Transphobia, Intolerance, Lies Front and Center at RNC

Former acting Director of National Intelligence Richard Grenell delivers a pre-recorded address to the largely virtual 2020 Republican National Convention in Washington
Ric Grenell, who as the Trump administration’s go-to gay pledged to lead a US effort to end anti-homosexuality laws worldwide, offered a grab bag of defenses of the president’s “America First” policies without a peep about LGBTQ rights.
Reuters/ Tom Brenner

Some speakers during the first three days of the Republican National Convention (RNC) spouted blatant transphobia, others tore into abortion rights and combined racism with xenophobia, and the only out gay person to speak didn’t even bother mentioning LGBTQ rights.

Leading up to President Donald Trump’s big speech on August 27, the convention has been an overwhelming display of right-wing rhetoric filled with typical themes of the modern-day Republican Party: Trashing protest movements against racial injustice, smearing undocumented immigrants, criticizing the Obama-Biden administration, fighting to “preserve” what they view as America’s “heritage,” and attacking trans folks, among others.

On the surface, it may have seemed like a far cry from a video published just days before when out gay former Acting Director of National Intelligence Ric Grenell called President Donald Trump the “most pro-gay president” in American history. But it was aligned with the administration’s strategy to narrow its feeble attempt at LGBTQ outreach to only pursue gay voters, which comes as little surprise in light of the administration’s disproportionate targeting of transgender Americans in healthcare, schools, the military, and other fronts.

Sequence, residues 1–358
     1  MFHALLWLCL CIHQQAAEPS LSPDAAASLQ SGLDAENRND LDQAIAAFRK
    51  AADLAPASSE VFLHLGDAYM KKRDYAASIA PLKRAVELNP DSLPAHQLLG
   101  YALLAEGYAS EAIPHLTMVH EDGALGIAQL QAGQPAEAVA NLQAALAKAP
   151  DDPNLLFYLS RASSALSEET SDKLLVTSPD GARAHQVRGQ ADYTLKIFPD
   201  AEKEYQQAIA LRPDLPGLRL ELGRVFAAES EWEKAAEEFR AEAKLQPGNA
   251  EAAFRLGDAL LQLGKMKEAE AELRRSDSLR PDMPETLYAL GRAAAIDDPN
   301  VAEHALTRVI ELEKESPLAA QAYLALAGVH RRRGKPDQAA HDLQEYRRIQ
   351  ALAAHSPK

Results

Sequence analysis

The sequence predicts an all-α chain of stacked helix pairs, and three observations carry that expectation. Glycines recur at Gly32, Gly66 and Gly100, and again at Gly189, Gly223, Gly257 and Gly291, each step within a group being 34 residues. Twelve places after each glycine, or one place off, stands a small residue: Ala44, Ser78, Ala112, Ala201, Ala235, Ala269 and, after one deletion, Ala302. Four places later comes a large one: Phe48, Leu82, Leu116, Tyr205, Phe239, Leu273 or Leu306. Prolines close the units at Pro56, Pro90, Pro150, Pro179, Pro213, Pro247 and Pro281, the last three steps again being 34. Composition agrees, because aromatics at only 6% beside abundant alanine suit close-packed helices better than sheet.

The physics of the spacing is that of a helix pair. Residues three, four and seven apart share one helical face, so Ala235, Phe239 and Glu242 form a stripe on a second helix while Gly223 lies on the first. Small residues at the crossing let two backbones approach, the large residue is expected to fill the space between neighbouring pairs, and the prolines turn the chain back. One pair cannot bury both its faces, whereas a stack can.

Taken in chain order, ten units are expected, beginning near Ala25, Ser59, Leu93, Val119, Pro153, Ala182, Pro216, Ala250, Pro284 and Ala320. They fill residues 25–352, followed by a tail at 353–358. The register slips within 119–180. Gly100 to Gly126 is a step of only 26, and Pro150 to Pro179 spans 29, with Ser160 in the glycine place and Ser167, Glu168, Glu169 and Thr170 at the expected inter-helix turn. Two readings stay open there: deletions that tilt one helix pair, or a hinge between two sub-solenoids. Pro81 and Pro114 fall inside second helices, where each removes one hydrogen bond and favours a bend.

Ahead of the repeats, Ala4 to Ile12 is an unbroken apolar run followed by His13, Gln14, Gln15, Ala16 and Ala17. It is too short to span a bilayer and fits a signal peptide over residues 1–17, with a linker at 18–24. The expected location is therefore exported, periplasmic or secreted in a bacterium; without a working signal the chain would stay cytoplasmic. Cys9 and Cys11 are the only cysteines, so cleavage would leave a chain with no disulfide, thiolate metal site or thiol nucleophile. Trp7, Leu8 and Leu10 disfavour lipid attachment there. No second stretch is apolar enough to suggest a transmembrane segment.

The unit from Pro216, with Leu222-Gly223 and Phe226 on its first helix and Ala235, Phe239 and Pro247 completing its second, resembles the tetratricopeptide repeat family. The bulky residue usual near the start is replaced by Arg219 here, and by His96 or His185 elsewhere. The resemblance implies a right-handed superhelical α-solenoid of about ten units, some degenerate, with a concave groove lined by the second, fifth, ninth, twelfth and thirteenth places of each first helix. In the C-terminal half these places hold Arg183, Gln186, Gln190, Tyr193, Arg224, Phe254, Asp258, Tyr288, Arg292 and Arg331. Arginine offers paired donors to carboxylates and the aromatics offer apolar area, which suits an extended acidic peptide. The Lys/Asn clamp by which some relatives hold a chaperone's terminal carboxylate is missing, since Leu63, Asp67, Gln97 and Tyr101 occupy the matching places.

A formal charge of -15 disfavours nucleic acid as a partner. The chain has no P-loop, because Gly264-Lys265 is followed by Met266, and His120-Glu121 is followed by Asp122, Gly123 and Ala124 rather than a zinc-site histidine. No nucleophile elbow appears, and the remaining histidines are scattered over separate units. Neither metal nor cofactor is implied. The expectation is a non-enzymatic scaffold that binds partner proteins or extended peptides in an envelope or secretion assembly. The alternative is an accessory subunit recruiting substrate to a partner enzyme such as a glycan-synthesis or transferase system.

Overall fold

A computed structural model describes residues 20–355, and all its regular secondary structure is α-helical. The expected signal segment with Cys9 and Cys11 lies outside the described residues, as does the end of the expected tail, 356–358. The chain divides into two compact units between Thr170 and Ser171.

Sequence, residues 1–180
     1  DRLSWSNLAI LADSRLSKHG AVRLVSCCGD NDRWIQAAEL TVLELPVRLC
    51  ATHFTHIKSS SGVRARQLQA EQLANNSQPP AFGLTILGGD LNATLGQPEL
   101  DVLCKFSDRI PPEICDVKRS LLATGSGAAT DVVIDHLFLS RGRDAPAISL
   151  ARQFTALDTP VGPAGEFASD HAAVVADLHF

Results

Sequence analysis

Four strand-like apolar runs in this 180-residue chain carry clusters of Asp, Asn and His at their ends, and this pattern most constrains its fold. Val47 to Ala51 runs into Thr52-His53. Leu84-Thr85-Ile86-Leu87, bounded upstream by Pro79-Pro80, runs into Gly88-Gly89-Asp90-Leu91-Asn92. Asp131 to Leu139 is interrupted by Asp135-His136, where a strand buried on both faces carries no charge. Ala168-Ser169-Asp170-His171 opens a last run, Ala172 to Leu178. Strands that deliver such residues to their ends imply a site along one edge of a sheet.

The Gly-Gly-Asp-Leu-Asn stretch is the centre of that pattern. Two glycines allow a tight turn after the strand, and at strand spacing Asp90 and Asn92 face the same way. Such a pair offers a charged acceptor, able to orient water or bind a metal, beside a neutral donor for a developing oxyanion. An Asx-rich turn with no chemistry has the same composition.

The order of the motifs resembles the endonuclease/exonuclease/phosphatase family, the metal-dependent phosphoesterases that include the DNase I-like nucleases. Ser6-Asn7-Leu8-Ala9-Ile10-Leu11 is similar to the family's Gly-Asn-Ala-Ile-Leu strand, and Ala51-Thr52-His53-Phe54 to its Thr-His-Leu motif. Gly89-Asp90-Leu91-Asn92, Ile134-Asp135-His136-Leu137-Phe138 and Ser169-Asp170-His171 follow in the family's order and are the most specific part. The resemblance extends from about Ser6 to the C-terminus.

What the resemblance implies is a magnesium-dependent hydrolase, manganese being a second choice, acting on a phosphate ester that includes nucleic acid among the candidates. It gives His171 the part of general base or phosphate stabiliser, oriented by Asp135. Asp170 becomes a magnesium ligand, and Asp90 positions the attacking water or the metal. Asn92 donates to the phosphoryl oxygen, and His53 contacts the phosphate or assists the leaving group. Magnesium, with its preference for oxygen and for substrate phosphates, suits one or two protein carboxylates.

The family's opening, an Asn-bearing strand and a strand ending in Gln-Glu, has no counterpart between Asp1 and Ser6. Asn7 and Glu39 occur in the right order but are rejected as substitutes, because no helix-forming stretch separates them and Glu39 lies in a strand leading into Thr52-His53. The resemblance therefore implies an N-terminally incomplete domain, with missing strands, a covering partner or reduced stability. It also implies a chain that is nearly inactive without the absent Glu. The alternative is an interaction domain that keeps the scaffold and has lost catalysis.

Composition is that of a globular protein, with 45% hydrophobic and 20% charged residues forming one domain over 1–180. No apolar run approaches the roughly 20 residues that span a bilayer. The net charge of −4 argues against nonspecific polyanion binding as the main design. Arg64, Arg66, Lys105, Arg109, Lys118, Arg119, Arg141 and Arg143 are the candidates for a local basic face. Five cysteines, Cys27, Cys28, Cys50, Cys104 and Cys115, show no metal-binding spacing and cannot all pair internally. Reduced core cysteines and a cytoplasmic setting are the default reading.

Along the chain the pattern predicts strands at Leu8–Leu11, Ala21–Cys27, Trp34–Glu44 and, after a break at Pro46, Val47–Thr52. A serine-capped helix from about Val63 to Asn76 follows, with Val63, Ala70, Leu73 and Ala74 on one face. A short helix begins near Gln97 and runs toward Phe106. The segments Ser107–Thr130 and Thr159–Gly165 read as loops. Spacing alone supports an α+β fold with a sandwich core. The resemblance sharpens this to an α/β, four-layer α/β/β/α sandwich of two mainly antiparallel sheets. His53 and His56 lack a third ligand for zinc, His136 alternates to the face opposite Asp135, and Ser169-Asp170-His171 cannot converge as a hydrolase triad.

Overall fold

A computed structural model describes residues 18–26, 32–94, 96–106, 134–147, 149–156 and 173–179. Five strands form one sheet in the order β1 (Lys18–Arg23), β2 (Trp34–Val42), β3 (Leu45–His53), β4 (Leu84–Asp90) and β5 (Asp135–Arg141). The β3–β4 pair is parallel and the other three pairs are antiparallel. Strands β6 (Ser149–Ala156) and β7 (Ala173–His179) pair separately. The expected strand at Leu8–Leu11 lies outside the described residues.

To that end, Cissie Graham Lynch, the granddaughter of the late evangelical leader Billy Graham, used her speech at the Republican National Convention on August 26 to deliver blatant messages of transphobia to Americans across the country.

“Democrats pressured schools to allow boys to compete in girls’ sports and use girls’ locker rooms,” she said, echoing the nationwide effort by Republicans and conservative legal groups like the Alliance Defending Freedom to chip away at the rights of trans girls. That campaign has gained enough support from GOP lawmakers in certain states to create punitive laws, but courts have already started halting legislation that seeks to sideline transgender girls from the playing field.

The argument she made was not some quibble over whether trans girls have an unfair advantage in terms of physical strength or their testosterone level — it was a blatant refusal to recognize that they are girls at all.

The speech drew criticism from Human Rights Campaign president Alphonso David, who said in a written statement that her “comments were despicable and must be widely condemned by anyone who claims to be an ally of LGBTQ people.”

Meanwhile, Grenell — who last year pledged to lead the US’ global push to end laws against homosexuality, an effort Trump said he was unaware of — did not bother invoking anything about queer folks in his speech, instead focusing on foreign policy and praising Trump for his so-called “America First” approach. Grenell, who is also the former US ambassador to Germany, patted Trump on the back for asking Germany to pay more toward NATO — based on a fundamental misreading or deliberate obfuscation of how NATO contributions are calculated — attacked Democratic nominee Joe Biden, and hopelessly tried arguing that the GOP’s economic policies do not favor the wealthy.